There has been considerable consternation in the independence movement over when, not if there should be a Scottish Independence referendum.
In my view, the Scottish Independence Referendum must be held in September 2018, or else incalculable yet avoidable economic and constitutional damage will be wrought, and the opportunity to hold another one will be forever lost.
It is increasingly likely, arguably even probable, that the UK will crash out of the EU with no deal. There were three principal questions to be resolved before negotiating the future relationship could begin; the Irish border, citizens rights, and the ‘divorce bill’. In March, they announced tentative agreements over the three, with details to be filled in. This last week, the first two have been seriously undermined.
- UK proposals for dealing with the Irish border were summarily dismissed, and Michel Barnier clearly indicated that talks could well fail.
- The Windrush atrocity has clearly eroded trust in the UK even further, especially the Home Office. The UK is literally deporting its own citizens. How much confidence can the EU have in the UK government to protect the rights of its citizens post-Brexit? Zero.
There is also the question of Gibraltar. Spain has made it a condition that the application of transition period to Gibraltar is contingent on the UK negotiating its future status with Spain before UK withdrawal, and has the backing of the other member states. This hasn’t even come up yet.
According to the planned sequencing of the withdrawal negotiations, by this time, the UK and the EU were supposed to be negotiating their future relationship, so that a withdrawal agreement could be signed by September, leaving several months for all the 27 remaining member state parliaments, the EU Parliament, and the UK Parliament to ratify (note the Scottish Parliament is not included). But that can’t start until the Irish border question is solved, and some trust is restored in the UK government. What are the chances of that occurring in the next four months? Again, zero.
No withdrawal agreement means no transition deal. No transition deal means all treaties, 58 free trade agreements with 69 countries, some 750 bilateral agreements, and 37 EU regulatory agencies, cease to have effect on the UK, and therefore Scotland. These are but a few of the many consequences after March 29, 2019 if there is no transition deal:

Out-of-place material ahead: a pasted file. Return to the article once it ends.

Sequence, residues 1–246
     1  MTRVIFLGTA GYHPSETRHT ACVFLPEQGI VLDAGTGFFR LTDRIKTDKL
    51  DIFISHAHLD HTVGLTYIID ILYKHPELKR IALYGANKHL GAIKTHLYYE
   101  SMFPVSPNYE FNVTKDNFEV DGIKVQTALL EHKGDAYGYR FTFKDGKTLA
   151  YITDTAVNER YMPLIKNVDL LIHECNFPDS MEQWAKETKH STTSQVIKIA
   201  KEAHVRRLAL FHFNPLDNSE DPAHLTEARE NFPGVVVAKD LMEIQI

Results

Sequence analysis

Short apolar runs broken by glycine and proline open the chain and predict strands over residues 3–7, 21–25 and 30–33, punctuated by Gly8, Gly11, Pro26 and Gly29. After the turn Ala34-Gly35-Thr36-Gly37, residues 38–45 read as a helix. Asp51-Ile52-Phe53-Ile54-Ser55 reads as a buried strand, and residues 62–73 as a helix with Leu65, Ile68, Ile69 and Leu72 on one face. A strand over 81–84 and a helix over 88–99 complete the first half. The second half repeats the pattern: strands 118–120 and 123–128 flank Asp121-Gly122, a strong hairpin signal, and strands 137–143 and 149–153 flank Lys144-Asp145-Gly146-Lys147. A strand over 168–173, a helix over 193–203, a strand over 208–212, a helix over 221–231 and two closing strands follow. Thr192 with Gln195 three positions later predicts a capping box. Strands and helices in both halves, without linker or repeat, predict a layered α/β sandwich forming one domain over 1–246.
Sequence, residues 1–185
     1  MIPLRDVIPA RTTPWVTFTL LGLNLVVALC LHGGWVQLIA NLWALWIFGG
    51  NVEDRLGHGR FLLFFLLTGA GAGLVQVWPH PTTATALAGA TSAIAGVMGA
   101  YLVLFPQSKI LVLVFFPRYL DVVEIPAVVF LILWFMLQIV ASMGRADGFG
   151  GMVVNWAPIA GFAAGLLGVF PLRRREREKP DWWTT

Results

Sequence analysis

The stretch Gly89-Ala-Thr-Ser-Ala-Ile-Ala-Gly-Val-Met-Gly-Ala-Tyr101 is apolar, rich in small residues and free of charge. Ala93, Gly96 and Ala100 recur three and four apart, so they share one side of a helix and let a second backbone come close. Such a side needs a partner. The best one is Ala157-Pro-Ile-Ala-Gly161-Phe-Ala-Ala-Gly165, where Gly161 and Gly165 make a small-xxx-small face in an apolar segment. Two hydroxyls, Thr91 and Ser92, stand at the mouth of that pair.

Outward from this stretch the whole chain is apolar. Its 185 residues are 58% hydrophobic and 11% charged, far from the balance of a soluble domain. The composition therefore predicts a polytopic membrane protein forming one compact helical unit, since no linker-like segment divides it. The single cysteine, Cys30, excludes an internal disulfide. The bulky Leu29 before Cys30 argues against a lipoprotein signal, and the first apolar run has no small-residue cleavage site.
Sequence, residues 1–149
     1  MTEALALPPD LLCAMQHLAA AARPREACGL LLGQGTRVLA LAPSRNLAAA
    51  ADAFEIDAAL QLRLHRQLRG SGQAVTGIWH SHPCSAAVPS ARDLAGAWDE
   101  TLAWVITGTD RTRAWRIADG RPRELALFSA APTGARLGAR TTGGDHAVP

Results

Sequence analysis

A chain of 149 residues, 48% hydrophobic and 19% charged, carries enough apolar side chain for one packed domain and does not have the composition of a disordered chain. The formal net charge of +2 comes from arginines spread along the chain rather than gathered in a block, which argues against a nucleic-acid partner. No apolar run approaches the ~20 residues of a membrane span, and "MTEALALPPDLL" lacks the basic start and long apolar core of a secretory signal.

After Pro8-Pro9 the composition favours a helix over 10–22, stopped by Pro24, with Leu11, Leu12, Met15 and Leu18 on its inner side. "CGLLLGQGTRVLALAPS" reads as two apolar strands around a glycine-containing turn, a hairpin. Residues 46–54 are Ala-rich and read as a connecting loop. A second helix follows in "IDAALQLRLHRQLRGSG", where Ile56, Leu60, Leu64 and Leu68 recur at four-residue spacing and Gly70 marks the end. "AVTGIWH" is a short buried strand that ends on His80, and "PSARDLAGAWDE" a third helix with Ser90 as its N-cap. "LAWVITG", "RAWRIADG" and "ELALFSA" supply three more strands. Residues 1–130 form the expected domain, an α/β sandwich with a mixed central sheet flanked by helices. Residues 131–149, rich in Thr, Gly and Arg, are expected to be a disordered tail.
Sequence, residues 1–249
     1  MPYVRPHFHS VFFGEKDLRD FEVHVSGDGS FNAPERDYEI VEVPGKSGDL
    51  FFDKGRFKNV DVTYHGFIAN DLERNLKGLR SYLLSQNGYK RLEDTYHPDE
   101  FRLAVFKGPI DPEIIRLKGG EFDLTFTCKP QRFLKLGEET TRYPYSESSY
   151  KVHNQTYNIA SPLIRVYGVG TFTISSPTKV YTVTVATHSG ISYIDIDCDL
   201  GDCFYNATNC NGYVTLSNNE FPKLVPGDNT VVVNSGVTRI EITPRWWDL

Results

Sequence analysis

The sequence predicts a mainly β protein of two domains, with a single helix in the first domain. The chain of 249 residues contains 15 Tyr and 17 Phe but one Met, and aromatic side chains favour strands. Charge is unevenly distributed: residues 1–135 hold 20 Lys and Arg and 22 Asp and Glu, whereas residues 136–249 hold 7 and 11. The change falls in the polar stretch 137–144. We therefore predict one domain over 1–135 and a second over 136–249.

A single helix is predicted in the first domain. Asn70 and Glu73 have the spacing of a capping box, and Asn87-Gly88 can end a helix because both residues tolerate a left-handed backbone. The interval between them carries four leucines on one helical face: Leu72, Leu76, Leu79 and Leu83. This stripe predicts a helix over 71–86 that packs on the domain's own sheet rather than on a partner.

- Airplanes will not be able to legally take off and land at UK airports.
- Food and water safety standards will evaporate.
- Worker and consumer protections will disappear.
Now unrestrained by the EU, Westminster Tories will be free to:
- Tear up the devolution settlement, even abolish the Scottish Parliament
- Make free trade deals with the US, imposing much weaker food safety standards, bringing in chlorinated chickens.
- Sell off the Scotch Whisky brand to the Americans and/or Peruvians.
And many other consequences too monumental and damaging to contemplate.
Scotland must call and hold a referendum by next September, to have any chance of avoiding being forever shackled to a post-Brexit UK.
I’ve read Pete Wishart’s arguments about waiting until after Brexit, for ‘optimal conditions‘ to be fulfilled before holding a referendum, focusing mostly on public opinion issues. He doesn’t seem to grasp the impending urgency of getting out before its too late. Given the Brexit trainwreck that is rapidly approaching, conditions will never be more ‘optimal’ to change constitutional course before Brexit. After will be too late. Public opinion will be irrelevant when Scotland is firmly under corporate oligarchic control, as it definitely will be after Brexit.
There is still the question of Scotland’s relationship with the EU post-Brexit, and there are ‘yes’ voters who voted to leave the EU. However, nearly 2/3 of Scots voted to remain in the EU: a higher percentage than voted to remain in the UK.
Therefore, Scotland must seek assurance from the EU during the campaign that it can remain in the Single Market and Customs Union, if Scots vote ‘yes’ to independence in September 2018. Given that they are already making these arrangements for Northern Ireland, there is no question that they would.
After independence is voted, during the constituent process of creating a new state and constitution, crucially still in the Customs Union and Single Market, Scots will have the time and space to collectively weigh the pros and cons of becoming an EU member state, or perhaps becoming a member of the European Free Trade Association. The EU and EFTA can make their offers and cases, and Scots can decide on their own terms.
The case for independence has never been stronger nor existential.